In this post, I share the raw, uncut footage from these moments. You'll see the Blair Witch-style in which I film and you'll get an idea of the carefree mindset I was in. The following are a sequence of videos from the start to the end of my 9 days in Iceland. It includes my starts and stops and the times I let the film roll when I suddenly felt the urge to capture the moment. It's random. It's fluid. And I think I naturally ended up capturing some of the best moments from my time in Iceland.
Once I landed back in New York, I did like all New Yorkers do: I hit the ground running. I began flitting around the city, catching up with old friends, and eating my favorite American foods. Then I shot upstate to spend time with my family and reacquaint myself with American consumer culture.
In this post, I'll give you a fast-paced run-through of my arrival back in New York. But then I'll slow it down a bit, as it wasn't until I was tucked away in upstate New York that the full impact of my travels settled in.
Inevitably, I returned with knowledge of languages, cultures, people, and foods that have all become a part of my every day thoughts. Most importantly, I have returned with the challenge of integrating lessons from my travels with my lifestyle back home. During my travels, I learned how to resist planning ahead and allow my innermost wants to guide me. Now it's time to apply these same lessons to the chapter ahead.
Fremont, California's popular hike to Mission Peak boasts gorgeous views over Silicon Valley and the Bay Area. The mostly exposed trail rises steadily through cattle farms before reaching the summit. There, a summit pole doubles as an art piece and artifact emphasizing environmental and social awareness.
I had never hiked to Mission Peak before, but my best friend has made it her yearly ritual ever since she moved to the area from New York. This time, we would hike to Mission Peak together. With me at the close of my travels and her at 6-months pregnant—we were both celebrating milestones in our lives and preparing for the next chapter to come.
On my last full day in Bali, I hopped on the back of a motorbike with a local who showed me the highlights of the lower Karangasem Regency. My tour guide was Han, a local who offered to take me around the region. His tour turned out to be the perfect wrap up to my time in Bali.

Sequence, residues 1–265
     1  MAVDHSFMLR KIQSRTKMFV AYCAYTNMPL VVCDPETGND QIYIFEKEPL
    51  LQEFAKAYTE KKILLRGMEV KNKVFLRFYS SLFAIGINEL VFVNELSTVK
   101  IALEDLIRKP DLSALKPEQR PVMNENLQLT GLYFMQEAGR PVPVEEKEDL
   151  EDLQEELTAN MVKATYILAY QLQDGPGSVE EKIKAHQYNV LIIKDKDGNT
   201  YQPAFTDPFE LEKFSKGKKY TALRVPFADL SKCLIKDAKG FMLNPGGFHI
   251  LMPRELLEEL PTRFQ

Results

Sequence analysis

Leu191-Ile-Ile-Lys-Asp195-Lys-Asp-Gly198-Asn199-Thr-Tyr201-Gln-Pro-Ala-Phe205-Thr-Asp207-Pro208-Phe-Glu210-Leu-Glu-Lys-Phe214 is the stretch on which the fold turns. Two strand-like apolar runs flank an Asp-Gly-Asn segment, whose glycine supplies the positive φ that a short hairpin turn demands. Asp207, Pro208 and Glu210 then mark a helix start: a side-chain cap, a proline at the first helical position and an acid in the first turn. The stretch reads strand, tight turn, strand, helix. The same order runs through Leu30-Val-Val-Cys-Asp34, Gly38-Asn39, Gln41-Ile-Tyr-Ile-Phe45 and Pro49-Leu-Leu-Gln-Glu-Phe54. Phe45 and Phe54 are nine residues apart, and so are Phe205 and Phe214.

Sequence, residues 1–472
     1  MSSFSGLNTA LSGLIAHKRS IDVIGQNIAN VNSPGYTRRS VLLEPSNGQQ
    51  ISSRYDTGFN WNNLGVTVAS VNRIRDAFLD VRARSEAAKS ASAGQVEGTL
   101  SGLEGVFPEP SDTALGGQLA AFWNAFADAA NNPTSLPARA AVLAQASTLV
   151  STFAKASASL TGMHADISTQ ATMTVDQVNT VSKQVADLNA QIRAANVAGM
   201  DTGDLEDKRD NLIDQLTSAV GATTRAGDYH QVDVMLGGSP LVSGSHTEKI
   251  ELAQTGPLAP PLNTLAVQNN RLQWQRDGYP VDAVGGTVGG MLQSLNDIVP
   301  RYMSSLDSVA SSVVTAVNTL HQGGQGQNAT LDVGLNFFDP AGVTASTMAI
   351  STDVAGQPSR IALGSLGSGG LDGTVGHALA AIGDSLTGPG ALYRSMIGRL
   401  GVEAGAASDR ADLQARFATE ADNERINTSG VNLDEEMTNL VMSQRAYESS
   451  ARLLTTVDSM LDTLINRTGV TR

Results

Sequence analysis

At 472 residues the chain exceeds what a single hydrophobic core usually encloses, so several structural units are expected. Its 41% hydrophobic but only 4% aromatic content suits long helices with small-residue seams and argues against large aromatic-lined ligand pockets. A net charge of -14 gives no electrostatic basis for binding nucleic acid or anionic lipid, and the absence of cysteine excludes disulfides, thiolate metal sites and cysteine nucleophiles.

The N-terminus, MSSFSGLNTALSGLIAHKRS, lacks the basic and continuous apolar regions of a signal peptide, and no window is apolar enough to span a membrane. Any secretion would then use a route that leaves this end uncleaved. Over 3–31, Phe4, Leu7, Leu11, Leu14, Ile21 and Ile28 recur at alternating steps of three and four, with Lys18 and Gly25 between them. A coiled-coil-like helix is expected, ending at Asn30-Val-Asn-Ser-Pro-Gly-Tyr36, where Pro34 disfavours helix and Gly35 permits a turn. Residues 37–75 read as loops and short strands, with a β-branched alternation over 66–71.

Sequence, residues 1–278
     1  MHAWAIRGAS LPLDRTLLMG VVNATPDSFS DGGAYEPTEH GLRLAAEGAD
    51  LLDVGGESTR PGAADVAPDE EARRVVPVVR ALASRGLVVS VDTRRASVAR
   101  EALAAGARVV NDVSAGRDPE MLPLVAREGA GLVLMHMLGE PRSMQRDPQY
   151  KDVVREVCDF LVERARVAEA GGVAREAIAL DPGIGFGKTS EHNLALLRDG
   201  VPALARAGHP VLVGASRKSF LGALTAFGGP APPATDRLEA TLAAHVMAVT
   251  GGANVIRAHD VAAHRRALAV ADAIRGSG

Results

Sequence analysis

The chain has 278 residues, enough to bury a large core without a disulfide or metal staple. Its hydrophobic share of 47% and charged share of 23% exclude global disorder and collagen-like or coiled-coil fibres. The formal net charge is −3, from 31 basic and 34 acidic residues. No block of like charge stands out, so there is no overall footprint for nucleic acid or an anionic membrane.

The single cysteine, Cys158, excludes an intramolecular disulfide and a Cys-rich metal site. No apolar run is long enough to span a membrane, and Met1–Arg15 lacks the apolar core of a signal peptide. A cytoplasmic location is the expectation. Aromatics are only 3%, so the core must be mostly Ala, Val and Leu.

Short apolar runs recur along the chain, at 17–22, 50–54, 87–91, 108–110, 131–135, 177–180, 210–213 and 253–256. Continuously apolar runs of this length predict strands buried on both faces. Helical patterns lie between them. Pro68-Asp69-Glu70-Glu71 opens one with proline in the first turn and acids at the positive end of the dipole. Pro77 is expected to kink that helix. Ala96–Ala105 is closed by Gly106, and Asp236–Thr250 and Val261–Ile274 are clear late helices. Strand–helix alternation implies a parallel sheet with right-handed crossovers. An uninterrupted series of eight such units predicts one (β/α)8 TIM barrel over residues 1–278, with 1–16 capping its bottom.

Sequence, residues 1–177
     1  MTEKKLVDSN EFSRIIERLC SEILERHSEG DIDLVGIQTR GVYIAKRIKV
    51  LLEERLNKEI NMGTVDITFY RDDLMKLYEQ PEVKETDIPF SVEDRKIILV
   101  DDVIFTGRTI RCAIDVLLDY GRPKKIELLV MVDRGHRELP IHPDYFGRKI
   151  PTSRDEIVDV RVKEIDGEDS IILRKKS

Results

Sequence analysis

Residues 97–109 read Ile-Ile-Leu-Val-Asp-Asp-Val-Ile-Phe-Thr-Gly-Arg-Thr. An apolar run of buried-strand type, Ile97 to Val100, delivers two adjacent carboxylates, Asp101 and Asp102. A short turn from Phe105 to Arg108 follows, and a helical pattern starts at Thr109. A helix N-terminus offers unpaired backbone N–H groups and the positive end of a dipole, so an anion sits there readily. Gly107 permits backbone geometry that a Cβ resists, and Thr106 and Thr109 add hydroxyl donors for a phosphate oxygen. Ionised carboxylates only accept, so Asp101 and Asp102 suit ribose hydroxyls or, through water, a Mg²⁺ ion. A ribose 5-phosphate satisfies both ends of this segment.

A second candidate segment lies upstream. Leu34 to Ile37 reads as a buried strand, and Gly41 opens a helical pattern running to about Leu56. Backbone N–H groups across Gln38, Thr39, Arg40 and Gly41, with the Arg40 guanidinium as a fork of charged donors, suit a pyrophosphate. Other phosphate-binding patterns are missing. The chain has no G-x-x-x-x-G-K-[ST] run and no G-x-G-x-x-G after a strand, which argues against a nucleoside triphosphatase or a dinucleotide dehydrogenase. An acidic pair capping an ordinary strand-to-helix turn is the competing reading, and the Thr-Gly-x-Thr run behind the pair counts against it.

There really is no experience like the one you can get from a local showing you around. I got a personalized tour of the region with opportunities to learn about Indonesian culture and take in some of the sights on my own terms. Han ended up driving me to 5 separate locations, including a traditional Bali village, two water palaces, a chocolate and soap factory, and a chilled-out, sandy beach. Below, I describe my experiences visiting each of these places, but the real story to share is how wonderfully well-rounded Han had made this tour.
Hi everyone! I've been itching to update the design of the blog for a while now. I finally got around to giving it a fresh makeover this week. Maybe you've already noticed it! I got rid of the old home page in favor of a welcome page and a page outlining my journey. There's also an about section, a contact form, and a photo gallery on the site now.
You'll see the blog is still there in its usual form. The travel hacking page is also still there and the itinerary page is, too, but it's now incorporated into the story of my journey. Take a look around when you have a few minutes. And if you feel like it, let me know what you think. I'd love to hear from you!
Deviating the norm is all about remaining true to your authentic self. This means constantly looking within to identify which path or direction you'd like to take on your journey. Solo travel is the best kind of travel for becoming an expert at tuning into your own needs and desires. When you allow those innermost needs and wants to lead you, you evade the guidance of some prescribed norm or the expectations of others.
As a solo traveler, I feel out a new place by looking within and deciding on my own time when it's right to move on to a new destination. I quickly felt out of place when I arrived in Ubud. I wasn't connecting to it in the way I had thought I would—and that's okay! Not every place we go will be a good fit. I came to appreciate many aspects of Ubud during my stay. However, there were two prominent features that were missing for me: a body of water and mountains. I realized these features are truly the bread and butter to my happiness as a solo traveler. Now was the time to embrace it.